In Library B, on the other hand, where the boss wants to see "a big happy family", the battle lines are confused and obscure. If asked, all the technicians in Library B will agree that the head librarian is really fair, friendly, and good to them. Yet one constantly hears mumblings that "Lena is giving a hard time about that" or "how does she expect me to do all this?" Yet , because of peer-group pressure, a technician has to be as fearful of another technician finding a mistake as of a librarian finding it, perhaps even more so. For the technicians realize that they are really the ones who keep the library running smoothly, and they feel responsible for it. It is not unusual here for one technician to lambaste another for a mistake she has made, and have no qualms about criticizing her in front of everyone else. In one staff meeting, one technician said that check-out slips for books were not being properly filed and that the other three technicians were being careless. I was shocked. Why couldn't she have approached the people individually without complaining to the head librarian? The result was tension, suspicion, and a closer watch by the head librarian on the front desk. But no one else seemed to think her action reprehensible.
I can only conclude from my experience of these two libraries that for solidarity to exist, the battle lines must be clearly drawn. Where they are not, entirely different contradictions can arise. Where they are, it is everyone's first instinct to resist exploitation. Where they are not it is more difficult. The worker who wants her job to have some meaning for her is the easiest one to exploit. She will work harder and longer to get the more interesting jobs so that the daily routine will not be so much drudgery. But this also puts her into competition with her fellow workers, and undermines solidarity.
It is interesting to note that in Library A, where there is a strong worker-boss polarization, there is no union. In Library B, where power relationships are more confused and more hidden, there is a union, although it is a large union that covers the entire institution of which the library is a part. (In fact, the only way I found out there was a union in Library B was that I noticed union dues were being taken from my pay cheque. I never saw any communication from the union, or met a union representative, or heard anyone talk about the union.)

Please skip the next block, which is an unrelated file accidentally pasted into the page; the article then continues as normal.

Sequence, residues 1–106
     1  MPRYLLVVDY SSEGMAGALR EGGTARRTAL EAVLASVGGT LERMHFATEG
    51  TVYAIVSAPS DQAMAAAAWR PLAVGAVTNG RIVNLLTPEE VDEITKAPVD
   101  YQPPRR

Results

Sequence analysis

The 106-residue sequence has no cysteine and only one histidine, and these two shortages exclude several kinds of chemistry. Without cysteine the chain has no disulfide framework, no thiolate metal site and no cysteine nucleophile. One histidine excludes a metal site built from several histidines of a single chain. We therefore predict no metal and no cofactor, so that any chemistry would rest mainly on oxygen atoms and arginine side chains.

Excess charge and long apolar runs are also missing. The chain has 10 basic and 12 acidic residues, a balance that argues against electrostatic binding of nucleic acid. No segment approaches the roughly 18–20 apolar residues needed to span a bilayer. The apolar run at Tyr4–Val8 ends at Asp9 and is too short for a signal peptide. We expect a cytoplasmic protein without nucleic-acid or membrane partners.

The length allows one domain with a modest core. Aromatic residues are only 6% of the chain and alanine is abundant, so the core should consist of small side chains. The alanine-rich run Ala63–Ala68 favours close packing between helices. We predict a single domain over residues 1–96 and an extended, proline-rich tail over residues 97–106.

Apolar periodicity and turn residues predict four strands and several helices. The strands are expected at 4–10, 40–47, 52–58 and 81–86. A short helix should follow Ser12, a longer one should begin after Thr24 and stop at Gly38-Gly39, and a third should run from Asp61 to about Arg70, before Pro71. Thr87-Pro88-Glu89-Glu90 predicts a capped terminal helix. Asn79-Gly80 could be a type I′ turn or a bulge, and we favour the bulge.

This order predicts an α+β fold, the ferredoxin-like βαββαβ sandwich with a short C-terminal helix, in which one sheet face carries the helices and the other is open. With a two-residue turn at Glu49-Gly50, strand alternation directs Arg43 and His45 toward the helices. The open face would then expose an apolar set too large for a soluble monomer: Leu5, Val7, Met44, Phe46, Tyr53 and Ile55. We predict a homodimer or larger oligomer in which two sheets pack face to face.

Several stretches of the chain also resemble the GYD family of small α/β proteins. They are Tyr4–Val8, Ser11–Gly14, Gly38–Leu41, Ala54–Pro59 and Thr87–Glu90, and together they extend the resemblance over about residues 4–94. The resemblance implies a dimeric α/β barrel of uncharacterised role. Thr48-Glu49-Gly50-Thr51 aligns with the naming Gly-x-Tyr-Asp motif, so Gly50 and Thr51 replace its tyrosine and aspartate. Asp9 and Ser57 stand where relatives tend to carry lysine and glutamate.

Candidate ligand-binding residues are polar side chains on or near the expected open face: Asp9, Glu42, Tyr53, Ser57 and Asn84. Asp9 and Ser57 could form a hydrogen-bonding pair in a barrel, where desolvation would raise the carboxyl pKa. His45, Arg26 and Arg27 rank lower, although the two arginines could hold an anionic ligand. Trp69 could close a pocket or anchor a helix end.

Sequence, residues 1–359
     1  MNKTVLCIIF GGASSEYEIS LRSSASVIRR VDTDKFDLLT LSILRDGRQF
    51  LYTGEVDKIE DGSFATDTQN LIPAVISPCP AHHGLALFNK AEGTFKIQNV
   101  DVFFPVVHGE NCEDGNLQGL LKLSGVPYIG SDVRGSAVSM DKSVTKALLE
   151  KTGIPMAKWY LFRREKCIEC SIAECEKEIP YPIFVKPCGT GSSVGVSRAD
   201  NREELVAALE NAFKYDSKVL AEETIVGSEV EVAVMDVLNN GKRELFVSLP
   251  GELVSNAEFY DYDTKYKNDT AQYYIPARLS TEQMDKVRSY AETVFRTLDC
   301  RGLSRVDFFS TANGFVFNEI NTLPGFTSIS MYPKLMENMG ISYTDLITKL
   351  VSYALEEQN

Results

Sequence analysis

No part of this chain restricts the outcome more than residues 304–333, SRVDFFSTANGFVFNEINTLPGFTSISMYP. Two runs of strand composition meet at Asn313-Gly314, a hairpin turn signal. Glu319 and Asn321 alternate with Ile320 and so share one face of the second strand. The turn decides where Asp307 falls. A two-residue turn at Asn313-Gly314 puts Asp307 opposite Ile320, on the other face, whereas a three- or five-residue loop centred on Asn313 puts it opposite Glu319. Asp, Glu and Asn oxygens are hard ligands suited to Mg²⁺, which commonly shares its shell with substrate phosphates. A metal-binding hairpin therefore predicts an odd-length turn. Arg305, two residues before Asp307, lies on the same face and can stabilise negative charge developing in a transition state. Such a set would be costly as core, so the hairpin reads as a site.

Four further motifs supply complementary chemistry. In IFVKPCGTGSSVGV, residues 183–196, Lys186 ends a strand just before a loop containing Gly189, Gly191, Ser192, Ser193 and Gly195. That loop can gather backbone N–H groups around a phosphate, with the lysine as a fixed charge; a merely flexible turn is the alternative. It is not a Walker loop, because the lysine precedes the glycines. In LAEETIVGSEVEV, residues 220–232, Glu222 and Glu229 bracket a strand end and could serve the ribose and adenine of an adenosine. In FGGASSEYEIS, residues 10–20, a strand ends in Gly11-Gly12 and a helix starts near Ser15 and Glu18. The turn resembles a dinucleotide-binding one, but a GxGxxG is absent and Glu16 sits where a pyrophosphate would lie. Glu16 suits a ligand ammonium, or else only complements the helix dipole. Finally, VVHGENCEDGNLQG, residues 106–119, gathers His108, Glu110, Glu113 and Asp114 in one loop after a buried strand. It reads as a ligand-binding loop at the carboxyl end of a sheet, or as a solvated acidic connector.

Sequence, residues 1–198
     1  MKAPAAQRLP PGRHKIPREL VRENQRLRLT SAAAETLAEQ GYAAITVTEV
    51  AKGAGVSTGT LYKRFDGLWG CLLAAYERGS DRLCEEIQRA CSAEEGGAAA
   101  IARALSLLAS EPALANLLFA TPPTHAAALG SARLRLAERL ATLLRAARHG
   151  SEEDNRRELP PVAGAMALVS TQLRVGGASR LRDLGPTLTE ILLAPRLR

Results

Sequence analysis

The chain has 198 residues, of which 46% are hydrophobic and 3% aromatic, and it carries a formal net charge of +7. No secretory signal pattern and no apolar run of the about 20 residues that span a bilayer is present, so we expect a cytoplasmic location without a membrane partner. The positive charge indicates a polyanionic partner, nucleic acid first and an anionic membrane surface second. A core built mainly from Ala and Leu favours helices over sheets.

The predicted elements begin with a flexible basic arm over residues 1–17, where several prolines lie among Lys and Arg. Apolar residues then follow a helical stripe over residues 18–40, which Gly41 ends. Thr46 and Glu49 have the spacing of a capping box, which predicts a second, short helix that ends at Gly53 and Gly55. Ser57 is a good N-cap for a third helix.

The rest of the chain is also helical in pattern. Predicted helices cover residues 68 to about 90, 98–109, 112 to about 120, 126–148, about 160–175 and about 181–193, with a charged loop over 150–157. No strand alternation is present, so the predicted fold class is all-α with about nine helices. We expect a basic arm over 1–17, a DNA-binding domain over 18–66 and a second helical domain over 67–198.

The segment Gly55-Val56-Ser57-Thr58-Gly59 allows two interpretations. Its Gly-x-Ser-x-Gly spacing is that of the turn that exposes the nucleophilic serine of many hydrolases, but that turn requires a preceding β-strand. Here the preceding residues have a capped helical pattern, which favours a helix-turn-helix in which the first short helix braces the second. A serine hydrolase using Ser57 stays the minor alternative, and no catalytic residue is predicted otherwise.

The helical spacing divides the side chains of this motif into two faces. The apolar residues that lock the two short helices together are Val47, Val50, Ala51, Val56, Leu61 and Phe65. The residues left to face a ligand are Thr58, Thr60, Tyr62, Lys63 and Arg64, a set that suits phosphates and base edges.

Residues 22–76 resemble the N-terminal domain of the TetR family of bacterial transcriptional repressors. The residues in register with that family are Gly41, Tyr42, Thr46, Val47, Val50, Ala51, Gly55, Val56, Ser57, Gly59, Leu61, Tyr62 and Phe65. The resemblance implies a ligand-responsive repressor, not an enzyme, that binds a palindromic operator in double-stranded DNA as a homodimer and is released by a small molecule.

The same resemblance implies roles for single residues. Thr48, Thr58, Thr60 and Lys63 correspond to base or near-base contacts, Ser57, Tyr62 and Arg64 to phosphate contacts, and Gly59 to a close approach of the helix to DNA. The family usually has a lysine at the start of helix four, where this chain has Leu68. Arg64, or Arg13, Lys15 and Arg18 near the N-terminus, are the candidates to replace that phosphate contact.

However, in other libraries where I have worked, unions have played an important role, although a contradictory one. Specifically on the question of the work to be done, unions were often seen as instruments of keeping the worker doing boring and uninteresting tasks, through their insistence of a strict adherence to job descriptions, which kept workers from learning new jobs or from moving easily between tasks.
Office Workers & Class Struggle
Many of the people I have known in libraries, and in other offices, have resigned themselves to their life of nine-to-five, typing, filing, answering the phone, and taking orders. Whether or not they are married, hope to be married, or have decided to stay single, most know that their salary will always be needed and few have dreams of escaping (except the dream of winning the lottery).
More particularly, most library technicians have no hope of becoming more than they are since the field is a dead end. No matter how long you work, you can never become a librarian without going back for years of schooling. Many have a dream of getting their own little library somewhere to run all by themselves, which a few technicians have managed to do. But most technicians, in spite of their dreams and talk, do not really see a way out of their humdrum workaday life, and reserve most of their plan-making for what is going to happen after work. They are, in other words, very much like most other workers.
This should hardly be surprising. After all, office workers have been around for a long time, as long as capitalism with its need for records and correspondence has been around. But, although the tasks of office workers are closely linked to and necessary for the movement of industry, capitalism has always sharply separated the two groups. In their offices, office workers have also been separated from each other, often much the same way as a woman is in the home, under the thumb of a boss who is usually male (although this is not the case in libraries). Often, her skills are not nearly so important as her appearance and her ability to charm and flatter. As a result, office workers have been often left behind in the development of working-class consciousness, both as a result of their own identification with the boss and the boss' prestige, and because of chauvinism and prejudice on the part of union militants and organizers. They are, nevertheless, a section of society that the left ignores at its peril.
First published in Volume 2, Number 1 (Summer 1977 issue) of The Red Menace.
Taken from the web-archived version of The Red Menace website.